Treatment of Carpal Tunnel Syndrome depends on the severity of nerve compression. In mild cases, limiting the aggravating activity may decrease the symptoms. Anti-inflammatories may reduce inflammation inside the Carpal Tunnel. Vitamin B12 has also been shown in several studies to reduce nerve irritation. Wearing a wrist splint at night often helps with the night discomfort by avoiding wrist flexion. Cortisone injections have been shown in several studies to help mild cases of Carpal Tunnel Syndrome. However it has not been shown to work in significant cases of Carpal Tunnel Syndrome. There is also risk of injury to the nerve and there are high rates of recurrence with this technique.
In severe cases of Carpal Tunnel Syndrome and when significant symptoms persist despite conservative treatment, surgery called a Carpal Tunnel Release is indicated. In this surgery the ligament over the top of the Carpal Tunnel, called the Transverse Carpal Ligament, is cut or incised, which increases the diameter of the Carpal Tunnel by approximately 29%. This takes the pressure off the nerve and relieves the symptoms. The skin is then closed. This procedure is performed as an outpatient with local standby or "twilight" anesthesia. A small dressing and splint are applied. The fingers are free and the patient can perform simple activities such as dressing and eating. The hand must remain dry for two weeks while the incision heals. There is no heavy lifting or carrying for two weeks. At two weeks postoperatively, the sutures are removed and the patient may wash the hand. They may then progressively use the hand for heavier activities. They may return to work when comfortable performing activities. This is usually before 6 weeks. Using this standard technique, the complications are very minimal. The possible problems that may occur are complications related to anesthesia, wound healing problems or infection, failure of the sensation to completely return and soreness in the palm known as pillar pain.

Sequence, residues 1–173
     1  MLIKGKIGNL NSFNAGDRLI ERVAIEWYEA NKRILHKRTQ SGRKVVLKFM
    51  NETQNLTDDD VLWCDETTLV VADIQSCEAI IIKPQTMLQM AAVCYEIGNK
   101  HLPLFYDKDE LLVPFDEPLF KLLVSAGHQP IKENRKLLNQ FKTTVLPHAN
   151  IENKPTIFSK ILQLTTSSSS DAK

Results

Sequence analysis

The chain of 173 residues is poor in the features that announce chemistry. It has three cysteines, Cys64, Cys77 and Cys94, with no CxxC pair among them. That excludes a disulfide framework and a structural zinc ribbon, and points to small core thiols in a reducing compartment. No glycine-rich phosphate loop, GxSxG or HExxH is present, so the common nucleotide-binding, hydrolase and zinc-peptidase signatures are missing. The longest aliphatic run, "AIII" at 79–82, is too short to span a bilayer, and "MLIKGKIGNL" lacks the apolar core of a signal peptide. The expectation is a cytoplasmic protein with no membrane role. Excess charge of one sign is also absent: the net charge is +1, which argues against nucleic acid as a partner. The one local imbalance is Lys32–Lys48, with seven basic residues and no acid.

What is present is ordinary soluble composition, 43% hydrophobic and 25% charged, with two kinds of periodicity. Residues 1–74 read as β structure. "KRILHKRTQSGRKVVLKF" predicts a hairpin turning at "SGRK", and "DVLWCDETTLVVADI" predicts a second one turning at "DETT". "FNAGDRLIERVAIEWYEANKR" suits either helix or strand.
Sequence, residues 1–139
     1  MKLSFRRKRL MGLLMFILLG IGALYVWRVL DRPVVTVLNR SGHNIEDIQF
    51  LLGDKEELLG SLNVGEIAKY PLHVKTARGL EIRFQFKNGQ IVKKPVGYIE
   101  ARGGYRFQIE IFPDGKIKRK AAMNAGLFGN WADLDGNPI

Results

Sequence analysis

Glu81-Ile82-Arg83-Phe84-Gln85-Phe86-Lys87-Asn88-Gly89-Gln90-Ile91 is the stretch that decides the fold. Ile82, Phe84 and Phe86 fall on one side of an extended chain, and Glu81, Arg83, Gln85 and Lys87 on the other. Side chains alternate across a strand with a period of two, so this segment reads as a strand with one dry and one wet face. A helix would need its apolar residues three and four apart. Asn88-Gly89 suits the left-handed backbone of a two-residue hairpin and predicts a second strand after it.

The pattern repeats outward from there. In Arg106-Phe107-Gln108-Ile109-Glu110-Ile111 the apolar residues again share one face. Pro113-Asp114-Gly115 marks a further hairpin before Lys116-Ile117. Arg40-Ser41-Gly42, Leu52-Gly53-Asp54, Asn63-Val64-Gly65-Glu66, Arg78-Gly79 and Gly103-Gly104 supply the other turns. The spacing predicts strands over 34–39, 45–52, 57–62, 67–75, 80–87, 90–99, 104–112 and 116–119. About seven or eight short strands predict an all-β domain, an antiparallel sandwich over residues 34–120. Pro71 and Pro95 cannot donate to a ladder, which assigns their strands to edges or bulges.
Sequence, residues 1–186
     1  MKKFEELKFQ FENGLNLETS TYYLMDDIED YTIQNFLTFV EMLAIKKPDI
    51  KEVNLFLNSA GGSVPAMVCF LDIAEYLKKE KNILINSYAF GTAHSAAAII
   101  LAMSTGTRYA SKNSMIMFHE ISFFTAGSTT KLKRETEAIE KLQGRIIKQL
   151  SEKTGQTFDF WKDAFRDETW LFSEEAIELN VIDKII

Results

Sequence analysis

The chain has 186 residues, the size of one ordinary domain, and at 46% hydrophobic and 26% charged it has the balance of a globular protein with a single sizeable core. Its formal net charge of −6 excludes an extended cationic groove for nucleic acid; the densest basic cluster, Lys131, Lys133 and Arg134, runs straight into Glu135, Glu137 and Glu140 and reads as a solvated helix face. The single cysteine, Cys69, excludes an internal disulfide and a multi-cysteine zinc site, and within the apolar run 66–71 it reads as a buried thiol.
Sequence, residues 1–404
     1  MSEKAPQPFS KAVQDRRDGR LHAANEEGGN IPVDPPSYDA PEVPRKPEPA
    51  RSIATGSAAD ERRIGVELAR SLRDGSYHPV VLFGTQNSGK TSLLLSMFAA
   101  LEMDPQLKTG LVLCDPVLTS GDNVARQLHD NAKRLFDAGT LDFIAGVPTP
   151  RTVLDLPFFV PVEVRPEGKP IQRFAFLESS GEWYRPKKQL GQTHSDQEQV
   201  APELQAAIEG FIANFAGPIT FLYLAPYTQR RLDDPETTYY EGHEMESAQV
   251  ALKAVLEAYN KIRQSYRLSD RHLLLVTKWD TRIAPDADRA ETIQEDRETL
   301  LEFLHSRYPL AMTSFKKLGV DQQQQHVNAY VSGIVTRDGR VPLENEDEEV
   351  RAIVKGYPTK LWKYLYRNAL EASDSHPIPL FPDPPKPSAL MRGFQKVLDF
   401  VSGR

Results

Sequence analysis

There are various” endoscopic" techniques for Carpal Tunnel Release, using one or two incisions. In these techniques an incision is made, a scope is introduced into the Carpal Tunnel and a knife is used to cut the Transverse Carpal Ligament. The theoretical short-term advantages of these techniques are smaller incisions, faster return to work and decreased discomfort in the palm. In no case do the authors of these techniques claim any significant long-term advantage over the standard technique. There are some disadvantages with these techniques. Visualization of the entire Carpal Tunnel and its content are limited. This does not allow the surgeon to address all causes for the Carpal Tunnel Syndrome. Incomplete release of the ligament has been not infrequent. This can result in failure of symptoms to improve or actual worsening and the need for repeat surgery. Injury or lacerations of branches of the median nerve have been noted. All of these above complications from endoscopic Carpal Tunnel Release done elsewhere have been treated by us. Although trained to perform both techniques, I am unwilling to accept the increased surgical risks with endoscopic Carpal Tunnel Release for my patients and perform the time tested standard procedure.